Looks Great, Drives Beautifully – Serenity On Wheels.
Much Weight Saved By Replacing Steel With Aluminium.
“BMW SUVs for some reason seem to get purposely uglier”.
For – magnificent beast.
Against – how much less would it cost if you eliminated the stuff you’ll never, ever use?
***** out of five
CHELTENHAM, England – I’ll make it clear right from the start. Of all the cars I’ve tested over the years, the Range Rover Sport is my favourite. After driving the new, it still is.
The serenity of its ride, the commanding view of the road from on high, the luxury feel of the interior, and the cockpit wrap-around driving position, add up to a wonderful experience. Sure, the diesel-powered versions weren’t exactly goers, but the more powerful diesel now has bite as well as slightly better fuel economy. The new Sport is even better than the original.
And when you look at the mainly German opposition, the Range Rover Sport stands out as handsome and attractive, while BMW SUVs for some reason seem to get purposely uglier. The big Audis are bland. Mercedes latest styling advances might trickle on down to its SUVs some day but they now look unremarkable. The Porsche Cayenne has a fabulous interior and drives well, but its aggressively arrogant looks are a turnoff.
Slightly smaller than the more understated and recently renewed classic Range Rover, the Sport has racier looks, and shares some design aspects with the little Evoque. The Sport is lower and shorter than the Range Rover. The roof line plunges towards the rear, like the Evoque, but without suggesting that the rear-seat occupants need to be headless. From the rear, the look is square and purposeful. The new Sport dumps the old steel body which it shared with the Discovery, and uses much aluminum borrowed from the new Range Rover to save a huge 925 lbs.
Given the strength of the opposition, Land Rover is pulling out all the stops to show its candidate is the best off-road performer, and at a media launch in Wales and the west of England there was much fording of rivers, creeping over rocks, ploughing along muddy tracks, and hurtling around sharp corners on mountain roads, all accomplished with aplomb. The most impressive aspect of these off-roaders is the way they conquer sharp hill descents. You drive carefully to the edge of what looks like a sheer cliff, and select hill-descent. The launch advisers tell you to take your foot off the brake, just steer it, and the computer will do the rest. As the bonnet drops away in front of you to reveal a sharp drop, it’s hard not to reach for the brake, or your priest, but the computer takes over and somehow restricts the speed and you move inexorably and slowly down to the ground, safely. Magnificently useless.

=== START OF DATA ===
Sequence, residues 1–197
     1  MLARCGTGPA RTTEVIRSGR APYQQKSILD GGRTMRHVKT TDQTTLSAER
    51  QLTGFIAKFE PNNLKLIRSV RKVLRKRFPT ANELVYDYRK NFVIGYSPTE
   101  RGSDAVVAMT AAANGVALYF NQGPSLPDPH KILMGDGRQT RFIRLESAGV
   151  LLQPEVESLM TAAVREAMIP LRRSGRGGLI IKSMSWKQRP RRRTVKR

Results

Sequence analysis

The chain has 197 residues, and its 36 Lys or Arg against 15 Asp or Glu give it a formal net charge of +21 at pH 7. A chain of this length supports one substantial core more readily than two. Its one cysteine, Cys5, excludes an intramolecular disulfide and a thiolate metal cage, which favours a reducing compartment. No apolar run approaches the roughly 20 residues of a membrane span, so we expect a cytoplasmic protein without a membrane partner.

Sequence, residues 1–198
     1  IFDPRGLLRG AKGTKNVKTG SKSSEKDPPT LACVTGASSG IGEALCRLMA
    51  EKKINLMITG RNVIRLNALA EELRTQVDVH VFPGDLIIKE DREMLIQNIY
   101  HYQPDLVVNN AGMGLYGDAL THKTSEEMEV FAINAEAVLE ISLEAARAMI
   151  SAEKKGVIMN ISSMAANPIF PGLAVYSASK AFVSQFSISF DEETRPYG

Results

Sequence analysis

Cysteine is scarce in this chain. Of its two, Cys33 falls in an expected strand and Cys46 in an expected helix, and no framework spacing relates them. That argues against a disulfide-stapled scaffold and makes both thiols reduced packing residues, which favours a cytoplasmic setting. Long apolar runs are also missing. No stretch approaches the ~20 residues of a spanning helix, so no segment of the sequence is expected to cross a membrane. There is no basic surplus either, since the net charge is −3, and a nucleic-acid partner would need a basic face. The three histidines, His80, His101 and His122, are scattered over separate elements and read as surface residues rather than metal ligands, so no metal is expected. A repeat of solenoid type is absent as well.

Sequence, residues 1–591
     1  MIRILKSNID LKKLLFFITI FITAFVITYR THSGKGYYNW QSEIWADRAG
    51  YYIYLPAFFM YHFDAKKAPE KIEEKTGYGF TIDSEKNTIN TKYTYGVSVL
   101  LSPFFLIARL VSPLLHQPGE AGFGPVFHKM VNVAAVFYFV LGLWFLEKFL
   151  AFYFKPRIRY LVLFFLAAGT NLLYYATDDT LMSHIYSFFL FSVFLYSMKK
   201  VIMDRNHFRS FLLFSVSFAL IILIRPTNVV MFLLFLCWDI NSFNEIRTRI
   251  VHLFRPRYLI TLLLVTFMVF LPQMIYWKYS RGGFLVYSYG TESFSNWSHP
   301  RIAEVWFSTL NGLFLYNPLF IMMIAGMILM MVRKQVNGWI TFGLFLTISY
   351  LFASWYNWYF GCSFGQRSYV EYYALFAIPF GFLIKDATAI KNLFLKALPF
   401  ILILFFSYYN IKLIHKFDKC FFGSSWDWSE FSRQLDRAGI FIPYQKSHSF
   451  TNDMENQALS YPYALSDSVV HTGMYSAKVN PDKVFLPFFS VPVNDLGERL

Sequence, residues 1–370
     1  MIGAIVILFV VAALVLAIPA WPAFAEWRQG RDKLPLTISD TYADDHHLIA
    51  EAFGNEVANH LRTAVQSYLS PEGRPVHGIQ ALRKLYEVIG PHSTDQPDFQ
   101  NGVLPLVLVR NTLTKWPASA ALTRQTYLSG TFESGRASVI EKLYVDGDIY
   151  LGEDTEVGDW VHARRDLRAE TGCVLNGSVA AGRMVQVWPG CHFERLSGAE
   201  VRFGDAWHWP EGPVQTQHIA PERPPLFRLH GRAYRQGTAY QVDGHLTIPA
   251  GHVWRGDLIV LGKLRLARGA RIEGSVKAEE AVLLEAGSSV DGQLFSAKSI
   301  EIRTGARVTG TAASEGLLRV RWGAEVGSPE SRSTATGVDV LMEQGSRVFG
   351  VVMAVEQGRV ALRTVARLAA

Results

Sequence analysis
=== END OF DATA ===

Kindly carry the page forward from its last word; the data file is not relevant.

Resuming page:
Land Rover also rented a local airport so that it could demonstrate that if you were to accelerate, foot to the floor, to 100 mph (which you might do in Germany) and suddenly need to stop, the car’s computer would ensure a safe return to stationary mode with a minimum of fuss. The airport’s main runway also allowed a safe demonstration that the Sport would reach 155 mph before the computer said “enough”, another ability which is legal on some highways in Germany. Land Rover converted an old Boeing 747, and had Sports driving up and down ramps to get inside and out. Before you ask “what’s the point of that?”, it’s probably true to say that few Range Rover Sports will ever be asked to demonstrate many of their awesome capabilities in the real world.